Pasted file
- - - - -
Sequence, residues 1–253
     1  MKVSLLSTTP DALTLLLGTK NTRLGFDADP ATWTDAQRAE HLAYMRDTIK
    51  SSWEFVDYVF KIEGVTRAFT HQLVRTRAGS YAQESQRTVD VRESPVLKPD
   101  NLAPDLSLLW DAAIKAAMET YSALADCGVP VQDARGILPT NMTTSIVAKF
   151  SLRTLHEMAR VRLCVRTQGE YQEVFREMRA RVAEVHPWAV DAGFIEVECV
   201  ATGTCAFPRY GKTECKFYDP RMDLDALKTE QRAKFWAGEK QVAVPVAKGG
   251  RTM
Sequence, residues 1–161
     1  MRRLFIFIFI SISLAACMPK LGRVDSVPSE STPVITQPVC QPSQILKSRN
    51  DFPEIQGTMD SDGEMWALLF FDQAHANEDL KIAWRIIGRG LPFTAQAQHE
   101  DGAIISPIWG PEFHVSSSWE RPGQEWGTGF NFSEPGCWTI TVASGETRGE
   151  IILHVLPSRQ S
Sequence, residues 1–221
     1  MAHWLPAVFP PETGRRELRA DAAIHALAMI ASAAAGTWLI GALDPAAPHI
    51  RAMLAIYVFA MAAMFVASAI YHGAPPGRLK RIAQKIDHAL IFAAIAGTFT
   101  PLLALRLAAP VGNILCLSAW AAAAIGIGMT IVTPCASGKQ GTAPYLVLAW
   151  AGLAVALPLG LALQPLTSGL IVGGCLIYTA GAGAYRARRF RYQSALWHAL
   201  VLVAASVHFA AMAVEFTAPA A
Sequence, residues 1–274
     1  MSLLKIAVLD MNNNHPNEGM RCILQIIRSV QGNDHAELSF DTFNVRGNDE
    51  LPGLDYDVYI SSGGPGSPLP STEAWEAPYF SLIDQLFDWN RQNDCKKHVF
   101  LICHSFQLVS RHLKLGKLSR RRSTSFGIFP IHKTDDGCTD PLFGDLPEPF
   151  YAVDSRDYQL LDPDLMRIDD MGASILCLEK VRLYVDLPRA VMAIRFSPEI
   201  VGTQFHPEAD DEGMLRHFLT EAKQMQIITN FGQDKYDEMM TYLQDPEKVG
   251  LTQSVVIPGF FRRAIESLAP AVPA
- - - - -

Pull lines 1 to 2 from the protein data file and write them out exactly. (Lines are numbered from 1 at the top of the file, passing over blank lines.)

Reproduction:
Sequence, residues 1–253
     1  MKVSLLSTTP DALTLLLGTK NTRLGFDADP ATWTDAQRAE HLAYMRDTIK